Analysis of “Hills Like White Elephants” by Ernest Hemingway 

People’s opinions get stronger and more known throughout the centuries. There are many topics that cause huge controversy with friends, family and relationships. Many people can relate to the views in Hills like White Elephants by Ernest Hemingway, for example, how people love to voice their opinions on personal matters and try to manipulate others to do what they think is right or to do what they want.

In this story, it starts off by describing the scenery at a train station in Spain where there is a couple patiently waiting by a bar.

The woman, Jig, tires to start a conversion several times, but the man, the American, ends up just arguing with her. They both eventually have some drinks that the bar is advertising. Once they get the drinks the man says, “It’s really an awfully simple operation, Jig” (Hemingway 269). Out of nowhere he mentions an operation and does not specify what he is talking about. Throughout the story the reader can use context clues and imply that the operation is about having an abortion.

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Many literary works can be seen in different ways and maybe even criticize, for example, Hills Like White Elephants can be seen in a psychoanalysis lens, and even in a feminist lens. Psychoanalysis is a type of criticism base on Sigmund Freud’s theory, which is where the reader can question or state the authors or characters unconscious desires and anxieties. There are subcategories in this lens which are desires, ambivalence, and repression also known as id, ego, and superego.

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The desires, also known as id, is the unconscious part where it describes the sexual and aggressive part of the mind and gives without any regard for needs or wants for others. The id forms once people are born, which are known as impulses of what people want to do and not focus on what kind of effects it has on them or other people around their environment. In the story, the American would be considered the id, where he pushes Jigs feelings about the abortion aside and tries to manipulate her into having the operation. The American says “I think it’s the best thing to do. But I don’t want you to do it if you don’t really want to” (Hemingway 269). This shows that he is also trying to be the “good guy” in the situation where he makes it seem like he does care for her feelings.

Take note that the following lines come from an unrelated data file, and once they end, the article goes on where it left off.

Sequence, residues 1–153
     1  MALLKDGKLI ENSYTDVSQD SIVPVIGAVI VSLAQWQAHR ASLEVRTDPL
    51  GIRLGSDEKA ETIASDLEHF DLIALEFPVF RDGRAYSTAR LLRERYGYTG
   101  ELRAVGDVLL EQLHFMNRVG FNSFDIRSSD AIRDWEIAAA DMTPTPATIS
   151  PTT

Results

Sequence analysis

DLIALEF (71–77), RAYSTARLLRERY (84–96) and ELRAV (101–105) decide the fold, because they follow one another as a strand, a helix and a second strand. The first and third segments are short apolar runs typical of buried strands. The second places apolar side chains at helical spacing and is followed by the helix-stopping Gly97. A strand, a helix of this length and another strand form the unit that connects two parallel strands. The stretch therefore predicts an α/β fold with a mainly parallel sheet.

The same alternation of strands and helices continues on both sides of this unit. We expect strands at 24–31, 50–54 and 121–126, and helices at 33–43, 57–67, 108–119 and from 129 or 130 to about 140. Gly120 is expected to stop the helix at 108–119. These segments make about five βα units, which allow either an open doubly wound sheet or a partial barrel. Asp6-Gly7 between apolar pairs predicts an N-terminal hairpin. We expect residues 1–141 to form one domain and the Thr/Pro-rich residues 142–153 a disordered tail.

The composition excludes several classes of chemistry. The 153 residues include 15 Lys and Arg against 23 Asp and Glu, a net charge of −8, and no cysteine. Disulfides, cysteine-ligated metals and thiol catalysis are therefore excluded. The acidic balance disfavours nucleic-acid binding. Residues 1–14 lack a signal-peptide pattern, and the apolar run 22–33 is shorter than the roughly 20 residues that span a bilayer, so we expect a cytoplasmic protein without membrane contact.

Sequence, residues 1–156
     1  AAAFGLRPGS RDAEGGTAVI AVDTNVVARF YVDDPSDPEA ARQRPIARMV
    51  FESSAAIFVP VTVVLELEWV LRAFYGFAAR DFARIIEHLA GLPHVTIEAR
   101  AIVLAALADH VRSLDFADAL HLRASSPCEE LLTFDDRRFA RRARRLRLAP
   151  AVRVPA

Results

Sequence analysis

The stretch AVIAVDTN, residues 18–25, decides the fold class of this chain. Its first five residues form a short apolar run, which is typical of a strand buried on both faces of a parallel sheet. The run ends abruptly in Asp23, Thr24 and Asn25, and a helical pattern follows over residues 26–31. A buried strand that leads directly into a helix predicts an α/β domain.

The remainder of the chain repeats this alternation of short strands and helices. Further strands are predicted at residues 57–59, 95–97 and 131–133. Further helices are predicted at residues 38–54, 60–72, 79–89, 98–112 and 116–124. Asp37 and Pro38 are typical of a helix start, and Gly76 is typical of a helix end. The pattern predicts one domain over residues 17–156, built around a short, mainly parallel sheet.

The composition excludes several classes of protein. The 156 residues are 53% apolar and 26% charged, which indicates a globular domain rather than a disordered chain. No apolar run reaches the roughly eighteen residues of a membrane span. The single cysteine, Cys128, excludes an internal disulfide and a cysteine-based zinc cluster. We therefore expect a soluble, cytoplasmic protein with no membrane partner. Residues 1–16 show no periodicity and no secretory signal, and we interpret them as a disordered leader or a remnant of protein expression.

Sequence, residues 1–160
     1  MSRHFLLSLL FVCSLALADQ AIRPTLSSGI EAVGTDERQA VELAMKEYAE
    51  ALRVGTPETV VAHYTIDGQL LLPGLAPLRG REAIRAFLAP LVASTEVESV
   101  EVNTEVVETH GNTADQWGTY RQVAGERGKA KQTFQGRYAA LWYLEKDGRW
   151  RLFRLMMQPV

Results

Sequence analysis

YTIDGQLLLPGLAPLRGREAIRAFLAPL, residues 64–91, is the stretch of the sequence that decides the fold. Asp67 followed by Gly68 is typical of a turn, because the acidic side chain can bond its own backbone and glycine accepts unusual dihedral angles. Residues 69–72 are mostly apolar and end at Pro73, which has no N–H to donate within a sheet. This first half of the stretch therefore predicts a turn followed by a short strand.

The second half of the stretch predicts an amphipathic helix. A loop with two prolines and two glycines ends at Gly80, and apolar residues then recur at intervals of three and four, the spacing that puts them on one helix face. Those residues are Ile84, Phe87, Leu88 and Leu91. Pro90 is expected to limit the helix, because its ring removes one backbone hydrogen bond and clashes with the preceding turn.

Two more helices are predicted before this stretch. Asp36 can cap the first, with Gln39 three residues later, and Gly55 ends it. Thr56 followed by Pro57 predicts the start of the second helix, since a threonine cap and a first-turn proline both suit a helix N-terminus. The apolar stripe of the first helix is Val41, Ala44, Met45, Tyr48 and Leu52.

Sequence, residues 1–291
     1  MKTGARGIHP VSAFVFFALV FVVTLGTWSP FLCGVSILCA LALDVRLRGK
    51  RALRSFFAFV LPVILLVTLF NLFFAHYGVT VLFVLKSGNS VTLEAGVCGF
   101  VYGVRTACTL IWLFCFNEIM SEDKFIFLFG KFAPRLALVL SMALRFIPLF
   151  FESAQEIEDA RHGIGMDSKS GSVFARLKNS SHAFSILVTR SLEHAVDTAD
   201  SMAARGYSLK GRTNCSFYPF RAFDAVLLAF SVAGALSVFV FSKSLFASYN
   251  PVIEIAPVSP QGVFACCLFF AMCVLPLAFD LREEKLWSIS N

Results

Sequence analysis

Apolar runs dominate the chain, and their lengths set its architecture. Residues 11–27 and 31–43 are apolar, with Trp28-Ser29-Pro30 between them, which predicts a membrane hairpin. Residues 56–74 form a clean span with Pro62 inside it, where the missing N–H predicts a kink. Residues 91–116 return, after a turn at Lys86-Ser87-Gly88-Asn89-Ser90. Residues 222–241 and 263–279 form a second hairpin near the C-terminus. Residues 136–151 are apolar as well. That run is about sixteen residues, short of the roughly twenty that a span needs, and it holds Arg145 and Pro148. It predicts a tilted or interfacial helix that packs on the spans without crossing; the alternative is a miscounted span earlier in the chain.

The repression, also known as ego, focuses more on the person’s “self” with reasoning and reality. It often compromises the satisfaction to avoid any negative consequences in society. In the story Jig represses her imagination of having the baby, emotions that she is feeling throughout the story, and her personality just to stay with the American. The negative consequence would be that the American would leave her for not having the abortion which is what Jig does not want. She keeps questioning him throughout the story if he would still stay with her and if he would still love her.